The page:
As it often does, my day started with a quick peek at the open pull requests. We had two similar classes, one which had a parent class and one which didn’t. The discussion centered around whether or not the second class should also inherit from the parent class since it had very similar functionality. In the end we decided that there should be no parent class. After all, these days the mantra is, “Avoid inheritance and embrace composition”.
You have to understand that this was a Monday morning and the object model was obviously improved by our actions. One more code smell gone. On to bigger and better problems!
“Why should we avoid inheritance?”
Sometimes I think my hearing needs checking. Often I find that when I am particularly chuffed with my efforts and trying to remember where I hid the good coffee beans I get this annoying voice in my head. Best just to ignore it.
“What makes composition better?”
This time it was my IM pinging at me. Dawid was kindly reminding me that I should really think about this problem. I guess there is no getting around it. “Just say that Erich Gamma says composition is better than inheritance and get back to looking for the coffee”, I thought. Erich Gamma knows way more about OOD than I do, so it must be right.
“So exactly how do you use Strategy Pattern in place of inheritance?”
This inner voice was seriously disrupting my carefully cultivated Winnie-the-Pooh, Zen-like state of mind. Oh well, it’s not like I would ever remember where I hid the coffee. Everyone knows that it’s twice as hard to find coffee than it is to hide it. I was quite clever in hiding it, so there is no chance I will ever find it again.
Of course I know the answer to this question. How could I not? I’ve spent decades writing object models, both good and bad. I’ve made every mistake and then made them again just to be sure they were actually mistakes. I know from all this experience that it always works out better if you avoid inheritance unless you need it. And this is how you have to think:
… Maybe I should just go back to looking for the coffee.
Knowing something to be true and being able to say why it is true are different things. As humbling as it may be, sometimes knowing something to be true and it actually being true are different things. Is it really true in this case? Erich Gamma said so. So did a lot of other people. But to be honest, I have seen precious few good descriptions of this issue. Pretty much all I see on the internet are a list of good natured assertions. Isn’t that good enough? After all, Erich Gamma and everybody on the internet can’t be wrong!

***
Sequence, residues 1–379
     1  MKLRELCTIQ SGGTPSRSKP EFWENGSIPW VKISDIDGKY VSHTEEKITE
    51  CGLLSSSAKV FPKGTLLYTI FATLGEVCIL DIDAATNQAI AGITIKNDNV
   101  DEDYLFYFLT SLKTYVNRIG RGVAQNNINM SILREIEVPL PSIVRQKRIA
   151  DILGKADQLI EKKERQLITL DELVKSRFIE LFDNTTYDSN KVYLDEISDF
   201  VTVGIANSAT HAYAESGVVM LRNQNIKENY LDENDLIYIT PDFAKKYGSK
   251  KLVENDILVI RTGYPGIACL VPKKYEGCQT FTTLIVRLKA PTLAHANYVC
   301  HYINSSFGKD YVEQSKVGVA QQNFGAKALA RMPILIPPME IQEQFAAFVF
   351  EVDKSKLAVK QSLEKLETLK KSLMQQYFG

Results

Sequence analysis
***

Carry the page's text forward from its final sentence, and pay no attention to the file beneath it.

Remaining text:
Well, I finally spotted this brilliant explanation by Bernie Sumption. For those of you who tend to skim past the links, let me tantalize you with the fact this article includes examples with both Star Wars and hippos.
It is often much more difficult to understand when to use inheritance than it might first appear. When I first replied to Dawid’s innocent question, I spouted the normal nonsense of:
“Use inheritance when you have a clear IS-A relationship and where you do not invalidate the Liskov Substitution Principle.” The problem is that even when you think you have a clear cut IS-A relationship, it might still be better to implement it using something like the strategy pattern.
The classic example of an IS-A relationship is the decomposition of employees. One could argue that an employee is a person and workers and managers are employees. But you could also look at it another way. A person has a job. The job has a role. What makes someone a manager is the kind of role they have. Should we use inheritance for the role, with worker and manager roles? Or should the role have worker and management responsibilities?
At some point you start to think that you can replace all inheritance in a system with composition. Since you have more flexibility with composition it seems to make sense to always use composition. Are there times when you should use inheritance?
I think the answer is “yes” and to see why it is instructive to look at the Composite Pattern. In this pattern, everything is a component. There are two kinds of components: a leaf component, and a composite. The composite is made up of components. Component is the base class, while leaf and composite are the child classes.
The important thing to consider is that the composite pattern does not use the base class in order to share code. Instead it is there to share the interface. Presumably, we have a tree structure and we want to iterate over it using the interface on component. Other design patterns such as the Bridge Pattern use inheritance in the same way.
When you have a clear IS-A relationship and you want to use all the objects through the base class’s interface, then inheritance can be a good way to go. It is certainly not a tool that I would throw out of the tool chest lightly. However, if you want to deal with the derived classes through their own interfaces, it often makes much more sense to use composition.